18. Wow, Brenda, that's really powerful. I come from a Catholic background, and when I think of my devout aunties, I've always wondered "WHY?!?" But your Peggy, just in that little snippet you provided, gives me some perspective. Thanks for that.

    In my WIP (County Clare untitled #3), I'm wrestling with letting go of loved ones. One of my characters might have to face a pull-the-plug-or-not-pull-the-plug decision. I've been thinking a lot about my mom, who has dementia, and letting go of her. Last fall I was made executor of her Living Trust, I have power of attorney over her finances and medical care. I hate it. I hate that I (with my sisters) might have to make a decision. Anyhow, so yes, I totally get how the writing can lead to soul-searching, or sometimes the reverse: that the soul-searching we're already doing leaks into the stories. Either way.

  19. Hi Brenda! Congratulations on the publication of Truth Beat, and thanks for such a thought provoking essay. And I love the excerpt--such a powerful piece of writing. I can't wait to read the book.

    I've done a lot of "what if this happened to me?" and "What would I do if--" in the process of writing the novels over the years. And then you have really think about it, which can be pretty scary.

    But Karen in Ohio made the best point--reading fictions broadens our understanding of the world and of other people's hearts and minds in a way that nothing else can.

  20. Susan, Amy and Kathy, thank you for your supportive words. I'm glad this post struck a chord with you.

    Well said, Barb Ross: Because by creating and taking us inside the heads of humans we will never be (and sometimes never know), it broadens us and creates empathy.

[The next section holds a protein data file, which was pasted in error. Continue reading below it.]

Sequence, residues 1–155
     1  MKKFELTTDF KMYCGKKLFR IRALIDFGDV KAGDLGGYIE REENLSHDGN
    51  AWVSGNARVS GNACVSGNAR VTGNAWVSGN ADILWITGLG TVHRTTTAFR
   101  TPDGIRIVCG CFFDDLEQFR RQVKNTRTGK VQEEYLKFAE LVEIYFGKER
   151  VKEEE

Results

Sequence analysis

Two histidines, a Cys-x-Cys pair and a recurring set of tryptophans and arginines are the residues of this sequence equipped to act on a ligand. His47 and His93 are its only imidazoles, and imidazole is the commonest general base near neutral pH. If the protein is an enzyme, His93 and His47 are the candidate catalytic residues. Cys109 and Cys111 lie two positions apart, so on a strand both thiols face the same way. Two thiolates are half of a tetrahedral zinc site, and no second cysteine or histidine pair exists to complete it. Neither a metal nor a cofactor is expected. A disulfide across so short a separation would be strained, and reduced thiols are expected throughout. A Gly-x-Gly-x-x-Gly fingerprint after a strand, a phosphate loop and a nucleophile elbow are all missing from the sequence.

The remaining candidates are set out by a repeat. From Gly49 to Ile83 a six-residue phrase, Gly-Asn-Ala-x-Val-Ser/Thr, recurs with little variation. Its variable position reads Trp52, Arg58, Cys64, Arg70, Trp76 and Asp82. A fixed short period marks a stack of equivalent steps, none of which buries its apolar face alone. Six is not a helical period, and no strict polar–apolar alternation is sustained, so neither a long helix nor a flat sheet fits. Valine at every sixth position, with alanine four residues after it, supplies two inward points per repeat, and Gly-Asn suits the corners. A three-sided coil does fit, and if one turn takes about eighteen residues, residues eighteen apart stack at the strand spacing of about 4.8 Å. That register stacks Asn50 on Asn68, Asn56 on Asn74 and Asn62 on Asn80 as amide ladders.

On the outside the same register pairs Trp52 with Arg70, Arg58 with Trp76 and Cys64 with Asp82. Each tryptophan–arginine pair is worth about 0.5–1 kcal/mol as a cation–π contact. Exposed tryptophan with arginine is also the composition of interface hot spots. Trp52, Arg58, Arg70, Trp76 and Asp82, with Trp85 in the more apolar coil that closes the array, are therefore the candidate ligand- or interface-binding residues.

21. Kathy, thank you for mentioning The Girls. It sounds like a book I should put on my list. That it has stayed with you for years speaks well of its author.

    And Karen, you are right, and Deb is right to echo you, that a broad reading life makes us richer and more aware individuals. It is exactly the kind of questions you mention, Deb, "what would I do if . . ." that leads to provocative writing.

    Lisa, I wish you strength and courage in your role as your mother's primary person as her health declines. I am dealing with a similar situation, though my sister is taking the lead role in my family, both because of proximity to Mom and her incredibly giving nature. Be sure to let us know when that WIP finds publication, okay?

  22. Thanks, Brenda. (For the WIP -- I'll be loud-mouthing it all over the place, I'm sure ... Won't be able to miss it. :-))

  23. Running in running in..suddenly my phone won't let me post.

    Such a thought-provoking essay, Brenda. Thank you!

    The process of putting yourself into a fictional character's head is one of the magic things of writing..if you are lucky--and you are!--there's a moment when you are no longer you, but THEM--and then whole new worlds open up. Such fun to read your experience of that..

  24. Thanks, Hank! What you say is so true.

  25. It's Brenda's day, but had to stop by and say thank you for the positive comments. Everything I've done, everything I do, as it must be for you, is connected. I had the great good fortune to be born to crazy, state-hospital certifiable, parents. I highly recommend it as a freeing experience.

  26. Reine, you are a wonderful part of this blog, day-in and day-out. Thank you.